Are medical expenses tax deductible? Generally yes, under 2 conditions
- Some medical expenses are tax deductible, including payments related to "the diagnosis, cure, mitigation, treatment, or prevention of disease," according to the IRS.
- However, you can only begin to deduct medical expenses once they exceed 7.5% of your adjusted gross income and you must itemize your deductions instead of taking the standard deduction.
- Non-qualifying medical expenses include cosmetic surgery, gym memberships or health club dues, diet food, and non-prescription drugs (except for insulin).
- This article was reviewed for accuracy and clarity by Lisa Niser, an expert on Personal Finance Insider's tax review board.
If you were burdened by sizable medical bills or health expenses during 2020, there may be some financial relief available to you come tax season.
Some medical expenses are tax deductible, under two general conditions:
- Your qualifying medical expenses for the year exceed 7.5% of your adjusted gross income (AGI), which is your gross income less any above-the-line deductions, AND
- You itemize your deductions instead of taking the standard deduction.
If you file jointly with your spouse and/or claim dependents, typically everyone's medical expenses can be combined.
Tax deductions reduce your taxable income and lower your overall tax liability. While items like student loan interest and IRA contributions can be deducted from your gross income without itemization, medical and dental expenses require that you itemize your deductions on Form 1040, Schedule A.
As far as what qualifies as medical? The IRS says "payments for the diagnosis, cure, mitigation, treatment, or prevention of disease, or payments for treatments affecting any structure or function of the body."
Here's a list of some common qualifying medical expenses (for an exhaustive list, see the IRS website):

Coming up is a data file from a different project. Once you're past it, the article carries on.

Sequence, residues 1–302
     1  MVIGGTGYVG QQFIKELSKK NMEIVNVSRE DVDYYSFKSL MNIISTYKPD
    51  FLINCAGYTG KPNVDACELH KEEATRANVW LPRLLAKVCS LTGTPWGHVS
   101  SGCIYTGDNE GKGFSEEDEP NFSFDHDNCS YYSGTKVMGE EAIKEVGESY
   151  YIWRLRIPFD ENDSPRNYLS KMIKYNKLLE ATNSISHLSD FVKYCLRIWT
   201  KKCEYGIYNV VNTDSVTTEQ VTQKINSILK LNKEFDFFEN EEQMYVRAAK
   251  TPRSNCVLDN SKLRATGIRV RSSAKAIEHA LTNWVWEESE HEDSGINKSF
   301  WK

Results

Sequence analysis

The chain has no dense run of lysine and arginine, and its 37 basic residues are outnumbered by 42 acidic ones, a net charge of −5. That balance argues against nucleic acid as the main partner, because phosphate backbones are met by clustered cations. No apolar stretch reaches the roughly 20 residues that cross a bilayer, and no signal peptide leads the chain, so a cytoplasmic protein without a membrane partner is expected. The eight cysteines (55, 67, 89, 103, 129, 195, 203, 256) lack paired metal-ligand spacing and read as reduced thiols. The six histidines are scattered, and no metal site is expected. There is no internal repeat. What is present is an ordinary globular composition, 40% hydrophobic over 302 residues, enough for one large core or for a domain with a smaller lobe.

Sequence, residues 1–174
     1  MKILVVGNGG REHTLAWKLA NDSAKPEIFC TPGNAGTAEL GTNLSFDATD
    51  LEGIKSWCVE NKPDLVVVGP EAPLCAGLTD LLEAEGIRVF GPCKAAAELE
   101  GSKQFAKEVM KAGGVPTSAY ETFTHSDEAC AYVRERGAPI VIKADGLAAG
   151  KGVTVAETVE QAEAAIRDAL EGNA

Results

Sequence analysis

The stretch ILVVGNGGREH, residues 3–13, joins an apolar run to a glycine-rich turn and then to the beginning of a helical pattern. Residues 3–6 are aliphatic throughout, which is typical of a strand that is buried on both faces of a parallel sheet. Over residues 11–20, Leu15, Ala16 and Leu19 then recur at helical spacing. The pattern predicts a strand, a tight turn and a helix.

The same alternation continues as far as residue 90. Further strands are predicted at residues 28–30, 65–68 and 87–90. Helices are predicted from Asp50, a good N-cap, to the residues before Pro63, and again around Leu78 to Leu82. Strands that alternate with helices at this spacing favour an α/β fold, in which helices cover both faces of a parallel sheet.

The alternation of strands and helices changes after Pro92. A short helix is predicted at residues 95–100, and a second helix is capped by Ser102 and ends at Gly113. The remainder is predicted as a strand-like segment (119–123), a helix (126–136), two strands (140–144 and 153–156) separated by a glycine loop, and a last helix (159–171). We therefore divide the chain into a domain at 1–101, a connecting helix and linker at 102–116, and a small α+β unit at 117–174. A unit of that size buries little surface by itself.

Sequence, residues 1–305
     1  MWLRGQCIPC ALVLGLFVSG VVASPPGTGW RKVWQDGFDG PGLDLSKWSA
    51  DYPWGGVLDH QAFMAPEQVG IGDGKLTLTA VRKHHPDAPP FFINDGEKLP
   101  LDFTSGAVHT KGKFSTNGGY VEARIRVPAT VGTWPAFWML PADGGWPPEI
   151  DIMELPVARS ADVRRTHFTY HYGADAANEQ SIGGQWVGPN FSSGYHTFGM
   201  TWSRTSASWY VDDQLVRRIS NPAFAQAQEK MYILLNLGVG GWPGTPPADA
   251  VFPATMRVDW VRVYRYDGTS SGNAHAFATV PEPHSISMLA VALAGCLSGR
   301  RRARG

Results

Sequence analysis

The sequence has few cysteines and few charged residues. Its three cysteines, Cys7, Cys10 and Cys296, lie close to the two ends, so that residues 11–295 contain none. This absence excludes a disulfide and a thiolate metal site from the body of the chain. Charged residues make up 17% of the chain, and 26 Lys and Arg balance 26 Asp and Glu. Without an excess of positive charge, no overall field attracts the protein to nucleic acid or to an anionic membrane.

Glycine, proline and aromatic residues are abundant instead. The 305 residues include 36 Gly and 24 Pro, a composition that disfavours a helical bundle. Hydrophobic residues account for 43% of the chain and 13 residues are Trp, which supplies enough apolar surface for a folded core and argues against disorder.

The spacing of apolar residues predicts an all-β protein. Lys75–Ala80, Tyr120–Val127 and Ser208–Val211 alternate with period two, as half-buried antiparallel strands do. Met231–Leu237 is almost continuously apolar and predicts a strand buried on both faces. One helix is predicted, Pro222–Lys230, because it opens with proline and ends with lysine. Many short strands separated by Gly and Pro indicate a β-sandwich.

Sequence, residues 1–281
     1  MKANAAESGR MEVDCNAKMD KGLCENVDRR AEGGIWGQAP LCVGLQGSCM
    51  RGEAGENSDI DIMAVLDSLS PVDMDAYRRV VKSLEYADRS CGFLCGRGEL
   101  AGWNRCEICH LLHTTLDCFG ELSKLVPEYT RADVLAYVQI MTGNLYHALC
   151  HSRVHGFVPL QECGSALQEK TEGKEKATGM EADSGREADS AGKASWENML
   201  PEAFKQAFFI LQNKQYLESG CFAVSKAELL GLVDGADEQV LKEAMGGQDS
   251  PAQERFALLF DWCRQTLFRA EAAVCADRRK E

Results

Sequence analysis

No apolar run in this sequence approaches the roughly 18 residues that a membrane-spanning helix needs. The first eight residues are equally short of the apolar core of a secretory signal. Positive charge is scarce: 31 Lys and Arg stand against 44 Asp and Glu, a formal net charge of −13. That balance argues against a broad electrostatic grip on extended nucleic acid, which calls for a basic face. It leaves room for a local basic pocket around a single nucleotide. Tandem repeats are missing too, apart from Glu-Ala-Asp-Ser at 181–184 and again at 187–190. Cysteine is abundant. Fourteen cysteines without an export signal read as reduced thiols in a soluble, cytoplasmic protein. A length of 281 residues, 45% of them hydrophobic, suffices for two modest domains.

- Medications that require a prescription, including drugs to alleviate nicotine withdrawal, as well as over-the-counter insulin
- Fees paid to doctors, dentists, surgeons, chiropractors, psychiatrists, psychologists, and nontraditional medical practitioners
- Inpatient hospital care or residential nursing home care, including the cost of meals and lodging
- Inpatient treatment at a center for alcohol or drug addiction or participation in a smoking-cessation program
- Cost of infertility treatments, including freezing eggs or sperm and in vitro fertilization
- Birth control pills
- Cost of a weight-loss program for a specific disease or diseases diagnosed by a physician, including obesity
- Cost of laser eye surgery
- Cost of reading or prescription eyeglasses, contact lenses, false teeth, hearing aids, crutches, wheelchairs, and for a guide dog or other service animal to assist a person with physical disabilities
- Transportation primarily for and essential to medical care, such as fare for a taxi, bus, train, ambulance, gas used for transportation by personal car, or you can deduct 18 cents per mile for medical use of your car
- Insurance premiums paid by you (not your employer) for policies that cover medical care, or limited amounts paid for a qualified long-term care insurance policy and Medicare premiums
- Fees for treatment at a health institute authorized by a physician to alleviate a physical or mental disability or illness
- Cost of equipment installed in a home or improvements made to a home to accommodate a disability to the extent that they do not increase the value of the home
Non-qualifying medical expenses include cosmetic surgery, gym memberships or health club dues, diet food, and non-prescription drugs (except for insulin).
If you're self-employed and earned a profit during the tax year, you may be able to deduct premiums paid for medical, dental, or long-term care insurance for yourself, spouse, and any dependents, up to the amount of your net profit. Unlike the standard medical expense deduction, you don't need to itemize to take advantage — it's an adjustment to your gross income.
How do I claim medical expenses on my taxes?
If you aren't self-employed and what you paid for medical expenses throughout the year exceeds 7.5% of your AGI, compare your total itemized deductions to your standard deduction to decide which will result in the greatest tax liability reduction.
For the 2020 tax year, the standard deduction is $12,400 for single filers, $18,650 for heads of household, and $24,800 for married taxpayers filing jointly.
For example, if you are single and have an AGI of $60,000 with medical expenses totaling $12,000, you would need more than $4,900 in other itemized deductions in order to receive any tax benefit as the first $4,500 in medical expenses (equal to 7.5% of AGI) are not deductible.
If you file your taxes online through a service like H&R Block or TurboTax, it will ask whether you had medical expenses throughout the year and guide you through determining whether those costs make your taxes worth itemizing. If you're still unsure about what qualifies or want help with your specific situation, consult a tax professional.
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